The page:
The Alex in Belltown Confirmed Going Condo

Looks like the developers of the Alex in Belltown don’t share the opinions of some of the folks in the Equinox thread.

From their marketing team:

Great news all! Our Alex project will be going condominium!! In looking at the long-term condominium absorption for the downtown area, our builder, his bank, and the appraisers are all in agreement that this project will make for a successful condominium.

At present, the interior framing is well under way on the lower levels, the brick exterior is starting to take shape, and our estimated completion date is approximately March 1st, 2009. We are considering commencing the selling of the condominiums in early to mid January, which is just around the corner. We have drawn up some preliminary pricing based on the past quarter’s condo market performance, and we will continue to make pricing adjustments as needed to mirror the market goings-on. Thus, the final prices are not yet available. Thank you for your patience on this front. Now that we know our direction, the Alex marketing materials are being produced and we will soon have something tangible for you to look at.

Here’s a photo from November 1st of the construction:

408505131 ymmxE S The Alex in Belltown Confirmed Going Condo

Bonus link: Condo Market Deterioration Shows Signs of Slowing, Says NAR.

About Matt

Matt , Urbnlivn's publisher, has a love for lofts with industrial features and new construction condos that is only eclipsed by his passion for outdoor sports and urban living. Phrases such as “polished concrete” and “exposed brick” are music to his ears. You can also find Matt on Twitter or skiing.

  • ADS

    Jo, why would anyone want to buy right now? I understand the logic of buy when everyone’s selling but this time around people aren’t sure if they’ll even be employed next year.

  • The MD

    The term, “Bubbler,” cracks me up. Ummmm last time I checked, WE ARE IN A BUBBLE. It doesn’t necessarily make one a “bubbler” because he or she realizes the market has peaked, and now the market is headed into unknown territory with values plummeting across the board. Speaking to that doesn’t make one a “dooms-dayer,” it makes one in tune with what’s really going on out there.

  • The MD

    The term, “Bubbler,” cracks me up. Ummmm last time I checked, WE ARE IN A BUBBLE. It doesn’t necessarily make one a “bubbler” because he or she realizes the market has peaked, and now the market is headed into unknown territory with values plummeting across the board. Speaking to that doesn’t make one a “dooms-dayer,” it makes one in tune with what’s really going on out there.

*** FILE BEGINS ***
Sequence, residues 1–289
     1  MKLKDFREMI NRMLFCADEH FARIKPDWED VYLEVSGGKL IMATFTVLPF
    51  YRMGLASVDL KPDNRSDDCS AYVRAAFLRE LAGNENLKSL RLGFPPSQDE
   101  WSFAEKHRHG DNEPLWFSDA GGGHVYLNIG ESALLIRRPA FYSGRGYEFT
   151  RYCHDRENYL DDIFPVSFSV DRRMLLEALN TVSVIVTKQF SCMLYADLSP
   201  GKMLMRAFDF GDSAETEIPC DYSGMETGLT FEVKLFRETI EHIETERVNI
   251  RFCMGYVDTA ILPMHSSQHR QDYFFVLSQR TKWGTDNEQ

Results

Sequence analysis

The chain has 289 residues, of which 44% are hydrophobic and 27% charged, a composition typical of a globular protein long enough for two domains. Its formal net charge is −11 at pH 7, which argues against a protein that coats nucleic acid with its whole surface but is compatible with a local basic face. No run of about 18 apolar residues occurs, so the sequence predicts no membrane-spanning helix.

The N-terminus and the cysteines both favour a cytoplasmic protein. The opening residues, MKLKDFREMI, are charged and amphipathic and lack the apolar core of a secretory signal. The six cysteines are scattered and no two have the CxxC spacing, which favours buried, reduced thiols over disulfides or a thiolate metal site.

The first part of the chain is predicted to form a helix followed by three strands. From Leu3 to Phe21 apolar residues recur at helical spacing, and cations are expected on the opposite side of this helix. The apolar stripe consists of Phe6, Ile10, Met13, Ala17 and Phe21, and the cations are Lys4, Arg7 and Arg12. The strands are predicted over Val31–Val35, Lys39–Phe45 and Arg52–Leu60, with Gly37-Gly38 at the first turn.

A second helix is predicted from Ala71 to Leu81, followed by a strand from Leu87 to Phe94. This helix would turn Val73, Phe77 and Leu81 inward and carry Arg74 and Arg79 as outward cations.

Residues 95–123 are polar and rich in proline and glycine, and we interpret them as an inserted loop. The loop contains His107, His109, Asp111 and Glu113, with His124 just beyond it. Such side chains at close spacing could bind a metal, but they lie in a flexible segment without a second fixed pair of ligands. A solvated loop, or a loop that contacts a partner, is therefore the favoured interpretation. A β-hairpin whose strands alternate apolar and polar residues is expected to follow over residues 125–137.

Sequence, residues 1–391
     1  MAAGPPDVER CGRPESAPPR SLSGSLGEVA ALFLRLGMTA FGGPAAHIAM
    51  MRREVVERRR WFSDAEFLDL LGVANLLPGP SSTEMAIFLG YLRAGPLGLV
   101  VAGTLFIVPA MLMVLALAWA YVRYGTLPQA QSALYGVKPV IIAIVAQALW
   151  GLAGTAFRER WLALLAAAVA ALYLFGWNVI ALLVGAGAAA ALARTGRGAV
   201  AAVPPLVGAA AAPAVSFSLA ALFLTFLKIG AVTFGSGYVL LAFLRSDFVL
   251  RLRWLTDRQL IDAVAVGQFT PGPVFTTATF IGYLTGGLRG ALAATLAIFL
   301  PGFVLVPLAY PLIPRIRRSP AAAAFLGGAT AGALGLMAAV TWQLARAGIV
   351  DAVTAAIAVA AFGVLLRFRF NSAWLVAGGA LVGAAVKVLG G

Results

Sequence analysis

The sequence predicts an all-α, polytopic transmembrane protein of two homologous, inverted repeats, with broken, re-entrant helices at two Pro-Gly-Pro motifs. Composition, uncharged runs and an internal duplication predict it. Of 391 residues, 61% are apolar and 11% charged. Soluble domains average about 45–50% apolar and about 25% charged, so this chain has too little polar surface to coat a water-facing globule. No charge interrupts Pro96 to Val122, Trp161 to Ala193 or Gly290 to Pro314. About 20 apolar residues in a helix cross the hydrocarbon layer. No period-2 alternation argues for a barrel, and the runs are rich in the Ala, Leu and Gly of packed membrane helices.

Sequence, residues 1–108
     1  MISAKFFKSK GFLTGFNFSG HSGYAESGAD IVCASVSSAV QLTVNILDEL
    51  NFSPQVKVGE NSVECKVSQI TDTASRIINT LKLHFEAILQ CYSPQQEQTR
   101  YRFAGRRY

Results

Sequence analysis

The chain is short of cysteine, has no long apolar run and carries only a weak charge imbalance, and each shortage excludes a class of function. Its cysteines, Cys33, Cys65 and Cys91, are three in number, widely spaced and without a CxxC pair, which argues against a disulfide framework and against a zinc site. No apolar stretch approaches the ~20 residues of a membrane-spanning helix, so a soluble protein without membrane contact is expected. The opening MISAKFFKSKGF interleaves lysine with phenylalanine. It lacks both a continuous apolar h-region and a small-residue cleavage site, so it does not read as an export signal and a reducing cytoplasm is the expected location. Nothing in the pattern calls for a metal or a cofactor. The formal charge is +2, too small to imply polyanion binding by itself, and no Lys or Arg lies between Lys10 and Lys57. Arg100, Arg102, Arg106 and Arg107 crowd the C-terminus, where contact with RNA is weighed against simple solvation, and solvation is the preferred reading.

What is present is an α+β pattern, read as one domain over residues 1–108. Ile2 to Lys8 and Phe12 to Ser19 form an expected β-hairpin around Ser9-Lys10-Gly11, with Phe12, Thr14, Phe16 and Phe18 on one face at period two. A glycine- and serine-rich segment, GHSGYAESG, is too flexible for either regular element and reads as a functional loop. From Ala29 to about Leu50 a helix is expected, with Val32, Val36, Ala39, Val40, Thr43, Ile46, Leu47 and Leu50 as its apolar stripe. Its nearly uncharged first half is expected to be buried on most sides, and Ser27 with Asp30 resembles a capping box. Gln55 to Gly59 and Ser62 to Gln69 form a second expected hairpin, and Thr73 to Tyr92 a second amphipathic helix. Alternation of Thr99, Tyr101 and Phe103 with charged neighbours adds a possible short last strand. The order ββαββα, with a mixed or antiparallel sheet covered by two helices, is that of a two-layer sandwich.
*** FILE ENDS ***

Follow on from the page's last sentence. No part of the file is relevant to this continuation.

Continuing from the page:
• jo

    My favorite part of The MD’s posts is his usage of caps.

    DO YOU UNDERSTAND THE WORDS COMING OUT OF MY MOUTH?

  • jo

    My favorite part of The MD’s posts is his usage of caps.

    DO YOU UNDERSTAND THE WORDS COMING OUT OF MY MOUTH?

  • The MD

    My favorite part of jo’s posts is the lack of any reason or cognitive thought behind the claims jo makes. ITS GREAT FOR A LAUGH! :-)

  • The MD

    My favorite part of jo’s posts is the lack of any reason or cognitive thought behind the claims jo makes. ITS GREAT FOR A LAUGH! :-)

  • The MD

    And, jo, I honestly cannot understand anything you have to say because it makes absolutely no sense whatsoever.

  • The MD

    And, jo, I honestly cannot understand anything you have to say because it makes absolutely no sense whatsoever.

  • The MD

    jo, there’s a very simple reason you don’t have a lot of cash lying around. Its because you clearly do not understand economics 101 and fundamentals of money management.

  • The MD

    jo, there’s a very simple reason you don’t have a lot of cash lying around. Its because you clearly do not understand economics 101 and fundamentals of money management.

  • uptown

    This is why I stopped hanging out at the bubble sites, they’ve completely lost it.

  • uptown

    This is why I stopped hanging out at the bubble sites, they’ve completely lost it.

  • Matthew

    Predicting a massive banking crisis, massive housing deflation, and an overall crash in the equity markets long before it actually happens, yeah we’ve completely lost it!

  • Matthew

    Predicting a massive banking crisis, massive housing deflation, and an overall crash in the equity markets long before it actually happens, yeah we’ve completely lost it!

  • Affluent Bitter Renter

    “This is why I stopped hanging out at the bubble sites, they’ve completely lost it.”

    Yeah, spouting crazy-talk like a 40% decline in RE prices in California – oh wait, that actually happened.

    The bubbilists have the misfortune of having been generally right – unlike the RE shills, who have been peddling absolutely disastrous financial advice until quite recently.

    Now the local shills, following the example of their peers elsewhere, are calling a bottom to RE prices every month. Eventually, they will be right, but RE cycles take a looong time to unwind, and it’s not like prices immediately shoot up again when the bottom is reached.

  • Affluent Bitter Renter

    “This is why I stopped hanging out at the bubble sites, they’ve completely lost it.”

    Yeah, spouting crazy-talk like a 40% decline in RE prices in California – oh wait, that actually happened.